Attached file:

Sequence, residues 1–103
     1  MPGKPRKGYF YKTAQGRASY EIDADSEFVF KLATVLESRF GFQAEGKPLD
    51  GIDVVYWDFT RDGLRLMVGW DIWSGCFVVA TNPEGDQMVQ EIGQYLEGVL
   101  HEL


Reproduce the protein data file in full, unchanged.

Sequence, residues 1–103
     1  MPGKPRKGYF YKTAQGRASY EIDADSEFVF KLATVLESRF GFQAEGKPLD
    51  GIDVVYWDFT RDGLRLMVGW DIWSGCFVVA TNPEGDQMVQ EIGQYLEGVL
   101  HEL